Tuesday, 11 July 2017

Why was the Call-in request rejected?

The letter sent on behalf of the Secretary of State to Catherine Linford, the City of London Planning Case Officer, says;

'The Secretary of State has carefully considered this case against call-in policy, as set out in the Written Ministerial Statement by Nick Boles on 26 October 2012. The policy makes it clear that the power to call in a case will only be used very selectively.

The Government is committed to give more power to councils and communities to make their own decisions on planning issues, and believes planning decisions should be made at the local level wherever possible.

In deciding whether to call in this application, the Secretary of State has considered his policy on calling in planning applications. This policy gives examples of the types of issues which may lead him to conclude, in his opinion that the application should be called in. The Secretary of State has decided, having had regard to this policy, not to call in this application. He is content that it should be determined by the local planning authority.' 

You can read the Government's policy here: 'Written Ministerial Statement by Nick Boles on 26 October 2012’.

From reading the statement it's difficult to understand why the Secretary of State has made this decision. It says;

The Parliamentary Under-Secretary of State for Communities and Local Government (Nick Boles): 

The Localism Act has put the power to plan back in the hands of communities, but with this power comes responsibility: a responsibility to meet their needs for development and growth, and to deal quickly and effectively with proposals that will deliver homes, jobs and facilities.

The 'power to plan' in this case has not been put  'back in the hands of communities' - unless that means the City's business community. The City does not work in the same way as all other local authorities. Almost all the City's community of some 7,000 residents live in just 4 wards -  most of whom live in Cripplegate's Barbican and Golden Lane estates. Residents have only 20 elected Councillors and the other 80 are elected by City businesses. Thus planning and other City decisions are dominated by businessmen like Chris Hayward, Chair of the Planning and Transportation Committee.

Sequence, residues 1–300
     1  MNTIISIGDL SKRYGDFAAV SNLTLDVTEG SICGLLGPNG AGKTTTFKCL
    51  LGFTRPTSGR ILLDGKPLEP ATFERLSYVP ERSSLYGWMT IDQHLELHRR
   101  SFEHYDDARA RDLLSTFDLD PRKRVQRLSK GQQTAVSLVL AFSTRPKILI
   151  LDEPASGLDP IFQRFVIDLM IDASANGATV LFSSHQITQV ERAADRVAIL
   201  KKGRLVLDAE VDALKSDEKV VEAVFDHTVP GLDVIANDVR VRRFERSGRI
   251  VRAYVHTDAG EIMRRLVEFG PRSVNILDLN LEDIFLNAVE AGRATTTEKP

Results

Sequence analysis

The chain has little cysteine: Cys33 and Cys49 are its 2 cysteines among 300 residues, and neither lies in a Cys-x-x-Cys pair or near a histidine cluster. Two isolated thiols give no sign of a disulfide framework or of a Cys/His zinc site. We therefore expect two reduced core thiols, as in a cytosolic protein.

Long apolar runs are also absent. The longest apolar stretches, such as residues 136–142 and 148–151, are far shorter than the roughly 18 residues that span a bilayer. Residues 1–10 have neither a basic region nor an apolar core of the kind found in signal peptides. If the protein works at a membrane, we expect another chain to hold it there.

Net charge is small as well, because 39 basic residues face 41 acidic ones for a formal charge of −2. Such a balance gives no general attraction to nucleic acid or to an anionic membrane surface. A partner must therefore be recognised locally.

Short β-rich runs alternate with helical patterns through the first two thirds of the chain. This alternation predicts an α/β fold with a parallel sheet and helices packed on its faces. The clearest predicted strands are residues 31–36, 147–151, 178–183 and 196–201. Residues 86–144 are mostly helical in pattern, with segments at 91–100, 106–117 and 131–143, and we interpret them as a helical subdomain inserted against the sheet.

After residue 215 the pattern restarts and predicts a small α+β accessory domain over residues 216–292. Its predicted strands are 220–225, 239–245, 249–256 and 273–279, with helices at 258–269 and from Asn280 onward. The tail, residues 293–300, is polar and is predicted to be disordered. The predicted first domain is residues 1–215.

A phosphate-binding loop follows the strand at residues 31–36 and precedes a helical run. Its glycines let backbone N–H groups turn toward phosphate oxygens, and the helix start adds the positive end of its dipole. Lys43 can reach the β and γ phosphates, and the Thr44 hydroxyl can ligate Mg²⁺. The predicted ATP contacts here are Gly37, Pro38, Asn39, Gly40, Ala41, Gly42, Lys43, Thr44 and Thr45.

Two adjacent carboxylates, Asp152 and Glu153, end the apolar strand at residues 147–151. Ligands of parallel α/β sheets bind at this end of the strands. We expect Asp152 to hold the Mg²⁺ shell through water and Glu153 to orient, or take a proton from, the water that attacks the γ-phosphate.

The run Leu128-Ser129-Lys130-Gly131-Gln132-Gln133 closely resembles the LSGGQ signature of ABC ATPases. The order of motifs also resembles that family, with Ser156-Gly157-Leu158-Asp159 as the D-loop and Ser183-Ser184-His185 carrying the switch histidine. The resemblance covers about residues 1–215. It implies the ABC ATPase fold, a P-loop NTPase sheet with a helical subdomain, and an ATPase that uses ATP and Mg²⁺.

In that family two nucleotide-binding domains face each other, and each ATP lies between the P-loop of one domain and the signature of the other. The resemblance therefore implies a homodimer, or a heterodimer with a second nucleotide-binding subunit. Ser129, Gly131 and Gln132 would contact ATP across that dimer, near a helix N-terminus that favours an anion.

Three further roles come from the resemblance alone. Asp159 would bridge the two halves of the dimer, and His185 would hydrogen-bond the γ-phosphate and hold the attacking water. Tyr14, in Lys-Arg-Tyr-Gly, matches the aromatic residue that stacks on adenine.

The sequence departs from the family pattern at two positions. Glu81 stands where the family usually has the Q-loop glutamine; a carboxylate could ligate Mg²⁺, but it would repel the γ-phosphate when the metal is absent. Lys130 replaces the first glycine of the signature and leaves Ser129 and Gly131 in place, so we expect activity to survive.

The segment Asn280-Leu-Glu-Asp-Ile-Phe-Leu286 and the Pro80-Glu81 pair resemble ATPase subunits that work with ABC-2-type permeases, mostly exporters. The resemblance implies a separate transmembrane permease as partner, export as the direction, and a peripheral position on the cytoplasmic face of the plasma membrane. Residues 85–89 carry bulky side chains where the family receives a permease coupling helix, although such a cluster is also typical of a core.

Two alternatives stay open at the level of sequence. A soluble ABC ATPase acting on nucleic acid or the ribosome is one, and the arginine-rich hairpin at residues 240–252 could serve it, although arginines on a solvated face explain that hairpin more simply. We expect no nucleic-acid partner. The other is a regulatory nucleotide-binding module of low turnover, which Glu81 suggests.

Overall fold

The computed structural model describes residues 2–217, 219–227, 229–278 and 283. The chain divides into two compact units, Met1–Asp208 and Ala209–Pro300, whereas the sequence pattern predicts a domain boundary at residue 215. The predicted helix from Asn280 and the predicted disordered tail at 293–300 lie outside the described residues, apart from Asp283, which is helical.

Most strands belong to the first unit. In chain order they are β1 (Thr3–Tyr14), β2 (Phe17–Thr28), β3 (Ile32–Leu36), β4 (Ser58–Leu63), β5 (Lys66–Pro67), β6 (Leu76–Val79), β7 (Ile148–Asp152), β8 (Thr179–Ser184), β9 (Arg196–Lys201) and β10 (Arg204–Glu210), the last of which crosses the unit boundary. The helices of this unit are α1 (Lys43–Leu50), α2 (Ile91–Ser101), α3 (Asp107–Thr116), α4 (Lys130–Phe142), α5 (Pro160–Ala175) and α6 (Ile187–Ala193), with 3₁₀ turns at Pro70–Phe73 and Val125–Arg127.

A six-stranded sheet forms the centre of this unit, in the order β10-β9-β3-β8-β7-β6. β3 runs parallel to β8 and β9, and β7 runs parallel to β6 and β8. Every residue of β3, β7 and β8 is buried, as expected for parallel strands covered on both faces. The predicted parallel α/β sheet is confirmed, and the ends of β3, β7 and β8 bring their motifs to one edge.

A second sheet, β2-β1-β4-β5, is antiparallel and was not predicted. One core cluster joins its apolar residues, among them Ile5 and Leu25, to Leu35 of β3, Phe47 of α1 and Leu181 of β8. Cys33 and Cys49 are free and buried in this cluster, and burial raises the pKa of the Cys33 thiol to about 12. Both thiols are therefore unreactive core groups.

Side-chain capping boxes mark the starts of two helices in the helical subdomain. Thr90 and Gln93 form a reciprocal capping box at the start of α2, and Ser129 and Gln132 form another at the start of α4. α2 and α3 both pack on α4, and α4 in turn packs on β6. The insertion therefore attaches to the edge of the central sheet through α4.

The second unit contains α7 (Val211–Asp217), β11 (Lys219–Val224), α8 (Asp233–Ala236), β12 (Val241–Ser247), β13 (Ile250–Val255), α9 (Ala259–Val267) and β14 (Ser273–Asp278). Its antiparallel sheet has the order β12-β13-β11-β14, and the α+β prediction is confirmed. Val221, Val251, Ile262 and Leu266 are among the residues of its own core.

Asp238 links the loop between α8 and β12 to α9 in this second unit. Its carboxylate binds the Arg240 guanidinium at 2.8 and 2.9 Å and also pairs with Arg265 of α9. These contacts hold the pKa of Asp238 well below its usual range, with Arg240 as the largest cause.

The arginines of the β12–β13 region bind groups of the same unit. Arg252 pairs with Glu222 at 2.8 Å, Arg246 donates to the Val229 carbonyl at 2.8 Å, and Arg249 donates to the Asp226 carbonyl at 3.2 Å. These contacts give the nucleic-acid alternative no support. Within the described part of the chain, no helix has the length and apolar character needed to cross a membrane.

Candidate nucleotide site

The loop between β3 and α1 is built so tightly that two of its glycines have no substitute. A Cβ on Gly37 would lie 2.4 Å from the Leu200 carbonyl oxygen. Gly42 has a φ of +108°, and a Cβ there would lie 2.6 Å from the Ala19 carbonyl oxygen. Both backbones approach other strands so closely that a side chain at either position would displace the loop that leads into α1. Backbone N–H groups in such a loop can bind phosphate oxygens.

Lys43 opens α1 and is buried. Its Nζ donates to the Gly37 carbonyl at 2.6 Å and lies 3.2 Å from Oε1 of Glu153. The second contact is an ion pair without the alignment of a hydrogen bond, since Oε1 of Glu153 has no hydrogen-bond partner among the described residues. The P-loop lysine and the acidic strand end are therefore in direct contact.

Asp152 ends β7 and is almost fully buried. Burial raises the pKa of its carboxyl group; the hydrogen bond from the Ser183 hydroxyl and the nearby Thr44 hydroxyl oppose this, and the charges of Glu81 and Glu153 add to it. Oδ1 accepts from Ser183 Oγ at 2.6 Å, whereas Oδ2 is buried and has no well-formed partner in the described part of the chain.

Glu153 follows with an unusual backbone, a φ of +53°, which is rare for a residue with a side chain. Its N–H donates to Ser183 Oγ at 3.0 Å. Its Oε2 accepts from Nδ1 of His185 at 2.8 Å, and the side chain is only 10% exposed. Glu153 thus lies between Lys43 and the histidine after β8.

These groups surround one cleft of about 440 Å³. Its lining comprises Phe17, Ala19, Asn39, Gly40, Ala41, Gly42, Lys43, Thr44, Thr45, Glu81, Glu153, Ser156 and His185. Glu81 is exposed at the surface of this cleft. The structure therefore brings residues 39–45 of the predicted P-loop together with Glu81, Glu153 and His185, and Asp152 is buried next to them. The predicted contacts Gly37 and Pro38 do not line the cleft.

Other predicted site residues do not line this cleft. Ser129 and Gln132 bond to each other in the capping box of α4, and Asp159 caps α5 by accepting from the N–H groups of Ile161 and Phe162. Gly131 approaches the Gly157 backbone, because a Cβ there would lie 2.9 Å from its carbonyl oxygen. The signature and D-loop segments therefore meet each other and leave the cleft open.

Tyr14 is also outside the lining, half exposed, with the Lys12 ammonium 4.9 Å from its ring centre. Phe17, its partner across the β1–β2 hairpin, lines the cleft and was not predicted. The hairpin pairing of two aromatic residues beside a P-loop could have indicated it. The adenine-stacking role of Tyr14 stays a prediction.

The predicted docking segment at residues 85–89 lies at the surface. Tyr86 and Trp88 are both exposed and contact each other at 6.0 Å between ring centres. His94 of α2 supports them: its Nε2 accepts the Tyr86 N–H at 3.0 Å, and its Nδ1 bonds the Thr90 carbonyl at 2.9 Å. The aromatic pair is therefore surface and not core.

Chris Hayward is Chair of the Planning and Transportation Committee
He lives in Hertfordshire where he is a Conservative County Councillor

This decision was not decided by people who were democratically elected by local people to represent the community. One might consider this reason enough for a Call-in of the application. 

The Secretary of State will, in general, only consider the use of his call-in powers if planning issues of more than local importance are involved. Such cases may include, for example, those which in his opinion:

1. May conflict with national policies on important matters; 
The proposed building will cause damage to an exemplar Grade II listed social housing estate. You can read more about that here. Listed by Historic England in 2000, the estate's buildings are of national importance. 

2. May have significant long-term impact on economic growth and meeting housing needs across a wider area than a single local authority; 

The development does not include any affordable housing. Land for housing is scarce in the City and there is no need for more luxury apartments. This will mean an unnecessary tower of exclusively private flats will overshadow the only public park in the area and the outdoor learning spaces in the local school. There is more about how this will effect the park here